The Politics of Ethnic Survival
Germans in Prague, 1861-1914 Second Revised Edition
Gary B. Cohen
Purdue University Press
The German-speaking inhabitants of the Bohemian capital developed a group identification and defined themselves as a minority as they dealt with growing Czech political and economic strength in the city and with their own sharp numerical decline: in the 1910 census only seven percent of the metropolitan population claimed that they spoke primarily German. The study uses census returns, extensive police and bureaucratic records, newspaper accounts, and memoirs on local social and political life to show how the German minority and the Czech majority developed demographically and economically in relation to each other and created separate social and political lives for their group members. The study carefully traces the roles of occupation, class, religion, and political ideology in the formation of German group loyalties and social solidarities.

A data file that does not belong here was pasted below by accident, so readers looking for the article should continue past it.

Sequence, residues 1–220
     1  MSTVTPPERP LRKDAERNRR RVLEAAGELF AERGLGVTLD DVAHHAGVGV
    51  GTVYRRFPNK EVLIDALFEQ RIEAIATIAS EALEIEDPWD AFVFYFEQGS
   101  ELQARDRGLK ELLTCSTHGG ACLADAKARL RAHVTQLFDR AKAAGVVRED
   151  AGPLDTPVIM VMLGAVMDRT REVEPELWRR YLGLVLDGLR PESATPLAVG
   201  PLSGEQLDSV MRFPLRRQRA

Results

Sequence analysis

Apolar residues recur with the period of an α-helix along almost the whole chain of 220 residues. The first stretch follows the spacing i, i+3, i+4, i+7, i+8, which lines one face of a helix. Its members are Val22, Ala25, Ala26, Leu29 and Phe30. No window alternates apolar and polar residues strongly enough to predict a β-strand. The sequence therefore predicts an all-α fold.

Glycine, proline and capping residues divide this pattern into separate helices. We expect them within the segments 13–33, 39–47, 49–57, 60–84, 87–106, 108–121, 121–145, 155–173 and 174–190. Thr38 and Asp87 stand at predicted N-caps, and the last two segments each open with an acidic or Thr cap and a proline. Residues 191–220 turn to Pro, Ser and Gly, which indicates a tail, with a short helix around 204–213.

Gary B. Cohen was educated at the University of Southern California and Princeton University. He was a member of the University of Oklahoma history faculty from 1976-2001, where he taught a range of courses on modern European social and political history and East-Central Europe in the nineteenth and twentieth centuries. In August 2001, he became director of the Center of Austrian Studies, executive editor for The Austrian History Yearbook, and professor of history at the University of Minnesota, Twin Cities.